I’ve been thinking a lot lately about transparency in teen services. Partly I’ve been thinking about it because I’m preparing for a YALSA Institute on advocacy and teen services. In my preparations it’s become more and more clear that without being transparent about what teen librarians do every day in order to serve teens effectively, it’s not possible to advocate for the value of teen services.

For example: If items are purchased for a teen collection and the teen librarian is a bit uncomfortable about how adults in the community will react to the items, then sometimes a teen librarian will hide the items away on the shelves, not displaying them or mentioning them to colleagues, administration or adults in the community, but hoping that teens with an interest will find them. Of course it’s good that the librarian is making the materials available to teens, but just as important is speaking up and stating why those materials are necessary to the teen collection. Without that second piece, the speaking up, it’s not really appropriate to expect community members to understand what teen librarians are working to achieve with a teen collection. The only way to gain that understanding is through transparency in collection development.

It might be difficult to speak up about materials when there is a fear of controvery, but think about it with the idea of transparency in mind. The speaking up doesn’t happen just when the item is added, it should start way before that with conversations with colleagues, administrators, parents, teachers and community members about the purpose of the teen collection. These discussions should highlight how items are selected for the teen collection and note materials that may be controversial and materials that may not be controversial and why they are added to the collection. If these discussions take place regularly, then community members gain insight into the process the teen librarian uses to select materials. Community members begin to understand that the teen librarian isn’t simply purchasing materials on a whim, but really putting thought into what materials are most needed for a collection. They learn why even materials that might make some adults nervous, are important to include in the collection. Transparency can lead to understanding and acceptance of what the teen librarian is doing in order to serve teens in the community.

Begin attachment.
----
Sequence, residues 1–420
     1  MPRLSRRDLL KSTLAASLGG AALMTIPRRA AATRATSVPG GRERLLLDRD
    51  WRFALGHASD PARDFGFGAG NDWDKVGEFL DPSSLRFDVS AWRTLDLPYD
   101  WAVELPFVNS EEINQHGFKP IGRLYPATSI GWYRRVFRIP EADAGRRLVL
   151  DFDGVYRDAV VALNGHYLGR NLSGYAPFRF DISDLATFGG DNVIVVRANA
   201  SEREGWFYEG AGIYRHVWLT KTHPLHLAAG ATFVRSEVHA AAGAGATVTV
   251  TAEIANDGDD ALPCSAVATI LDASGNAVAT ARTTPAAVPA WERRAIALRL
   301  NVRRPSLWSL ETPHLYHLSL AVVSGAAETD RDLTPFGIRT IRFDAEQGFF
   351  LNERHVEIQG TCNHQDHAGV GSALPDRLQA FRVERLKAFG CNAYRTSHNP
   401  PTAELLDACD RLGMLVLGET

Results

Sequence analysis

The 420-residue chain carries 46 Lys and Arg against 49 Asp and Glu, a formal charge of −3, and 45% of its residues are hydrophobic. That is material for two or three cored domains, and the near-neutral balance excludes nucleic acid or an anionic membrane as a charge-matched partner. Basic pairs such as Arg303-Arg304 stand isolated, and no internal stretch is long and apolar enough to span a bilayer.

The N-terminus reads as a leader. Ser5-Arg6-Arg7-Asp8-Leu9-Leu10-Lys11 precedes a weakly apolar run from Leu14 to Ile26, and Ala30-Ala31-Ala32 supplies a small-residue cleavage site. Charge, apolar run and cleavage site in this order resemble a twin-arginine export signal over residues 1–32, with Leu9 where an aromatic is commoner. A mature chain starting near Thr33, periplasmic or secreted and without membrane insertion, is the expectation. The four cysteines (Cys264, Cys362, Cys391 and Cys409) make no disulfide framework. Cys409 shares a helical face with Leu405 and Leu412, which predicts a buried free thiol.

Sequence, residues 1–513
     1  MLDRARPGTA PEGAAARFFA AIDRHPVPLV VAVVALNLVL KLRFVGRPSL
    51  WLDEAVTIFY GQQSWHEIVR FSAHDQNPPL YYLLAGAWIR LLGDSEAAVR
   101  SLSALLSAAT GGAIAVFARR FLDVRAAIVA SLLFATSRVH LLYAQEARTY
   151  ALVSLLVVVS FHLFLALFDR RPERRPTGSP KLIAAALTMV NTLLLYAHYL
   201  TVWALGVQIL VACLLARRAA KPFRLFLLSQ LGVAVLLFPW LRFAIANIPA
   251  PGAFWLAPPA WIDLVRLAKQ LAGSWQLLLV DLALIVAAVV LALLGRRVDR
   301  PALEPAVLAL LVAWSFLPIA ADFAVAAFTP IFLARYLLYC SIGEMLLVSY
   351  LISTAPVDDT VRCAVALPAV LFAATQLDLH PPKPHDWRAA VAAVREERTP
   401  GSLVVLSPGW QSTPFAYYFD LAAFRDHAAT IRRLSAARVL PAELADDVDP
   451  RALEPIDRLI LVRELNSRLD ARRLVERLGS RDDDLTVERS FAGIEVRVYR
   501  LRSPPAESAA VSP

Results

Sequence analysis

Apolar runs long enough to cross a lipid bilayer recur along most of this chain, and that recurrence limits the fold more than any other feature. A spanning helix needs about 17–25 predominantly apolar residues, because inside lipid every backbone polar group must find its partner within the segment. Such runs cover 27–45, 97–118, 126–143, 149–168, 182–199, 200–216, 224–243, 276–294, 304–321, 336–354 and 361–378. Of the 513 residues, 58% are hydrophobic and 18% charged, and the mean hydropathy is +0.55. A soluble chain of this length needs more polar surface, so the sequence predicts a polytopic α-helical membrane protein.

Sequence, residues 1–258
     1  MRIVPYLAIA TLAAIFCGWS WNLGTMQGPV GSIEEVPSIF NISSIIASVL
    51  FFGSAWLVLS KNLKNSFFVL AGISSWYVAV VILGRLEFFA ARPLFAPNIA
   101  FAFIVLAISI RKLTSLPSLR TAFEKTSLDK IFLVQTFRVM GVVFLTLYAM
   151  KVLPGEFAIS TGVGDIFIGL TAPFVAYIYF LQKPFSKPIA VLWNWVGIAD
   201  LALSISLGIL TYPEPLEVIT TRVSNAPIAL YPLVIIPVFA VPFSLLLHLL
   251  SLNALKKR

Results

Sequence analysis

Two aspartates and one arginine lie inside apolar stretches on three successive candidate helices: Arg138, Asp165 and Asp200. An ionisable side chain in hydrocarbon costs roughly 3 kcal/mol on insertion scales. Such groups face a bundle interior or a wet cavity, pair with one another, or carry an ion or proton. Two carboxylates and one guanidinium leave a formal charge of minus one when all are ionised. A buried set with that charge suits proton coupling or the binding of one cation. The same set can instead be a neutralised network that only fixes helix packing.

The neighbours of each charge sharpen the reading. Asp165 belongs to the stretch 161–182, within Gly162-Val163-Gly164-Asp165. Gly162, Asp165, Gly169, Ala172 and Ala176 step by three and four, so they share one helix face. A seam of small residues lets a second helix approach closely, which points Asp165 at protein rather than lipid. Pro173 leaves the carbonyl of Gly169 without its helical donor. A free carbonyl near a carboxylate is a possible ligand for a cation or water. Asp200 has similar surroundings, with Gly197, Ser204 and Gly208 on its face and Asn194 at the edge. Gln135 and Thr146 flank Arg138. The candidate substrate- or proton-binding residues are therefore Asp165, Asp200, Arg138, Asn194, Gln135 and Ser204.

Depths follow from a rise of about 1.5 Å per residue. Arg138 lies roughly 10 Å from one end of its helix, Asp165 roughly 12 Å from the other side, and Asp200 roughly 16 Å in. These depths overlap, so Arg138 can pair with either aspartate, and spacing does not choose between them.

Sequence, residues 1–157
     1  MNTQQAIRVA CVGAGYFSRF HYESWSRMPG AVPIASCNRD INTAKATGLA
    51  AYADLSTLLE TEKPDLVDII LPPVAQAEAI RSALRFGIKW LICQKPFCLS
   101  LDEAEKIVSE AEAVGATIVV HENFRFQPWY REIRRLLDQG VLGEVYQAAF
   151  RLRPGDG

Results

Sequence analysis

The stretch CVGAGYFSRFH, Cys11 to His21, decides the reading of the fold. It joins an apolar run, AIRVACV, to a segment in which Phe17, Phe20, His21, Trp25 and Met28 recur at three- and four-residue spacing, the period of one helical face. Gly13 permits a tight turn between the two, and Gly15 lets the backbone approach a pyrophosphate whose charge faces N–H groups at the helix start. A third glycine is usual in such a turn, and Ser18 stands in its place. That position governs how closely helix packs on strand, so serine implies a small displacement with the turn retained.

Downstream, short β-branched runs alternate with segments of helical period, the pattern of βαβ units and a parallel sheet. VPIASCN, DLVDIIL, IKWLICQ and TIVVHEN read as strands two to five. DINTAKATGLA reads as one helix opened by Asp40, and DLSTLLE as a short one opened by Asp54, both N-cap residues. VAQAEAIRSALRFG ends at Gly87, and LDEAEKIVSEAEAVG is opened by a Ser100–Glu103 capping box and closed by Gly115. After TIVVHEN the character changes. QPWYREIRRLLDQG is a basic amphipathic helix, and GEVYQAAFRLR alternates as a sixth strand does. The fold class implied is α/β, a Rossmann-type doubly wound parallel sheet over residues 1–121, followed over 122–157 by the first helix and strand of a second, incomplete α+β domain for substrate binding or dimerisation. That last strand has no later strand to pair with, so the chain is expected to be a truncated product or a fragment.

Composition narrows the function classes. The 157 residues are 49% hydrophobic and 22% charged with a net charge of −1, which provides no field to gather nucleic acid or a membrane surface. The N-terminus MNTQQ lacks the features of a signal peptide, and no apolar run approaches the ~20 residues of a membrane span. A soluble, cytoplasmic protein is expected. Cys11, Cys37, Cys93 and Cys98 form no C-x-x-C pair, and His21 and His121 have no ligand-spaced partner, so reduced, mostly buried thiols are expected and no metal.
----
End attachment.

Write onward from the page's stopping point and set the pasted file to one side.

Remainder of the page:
Transparency is required not just to help in understanding related to collections, it’s required in order to help community members better understand the role of the library and library teen services. I’ve been thinking about this particularly in relation to comments made recently on the Buzz Out Loud podcast about libraries. The comments questioned why libraries are still needed in a world of digital content and the web. I’d say those comments are a perfect example of why librarians need to be transparent about what they do and what they provide. So often teen librarians don’t speak up and let community members know what’s going on with programs and services. It can feel more comfortable not to say too much about a program for teens on video games, or one that integrates social media, because if it just takes place without too much fanfare, then it’s likely pushback from community members, or colleagues, or administration will not occur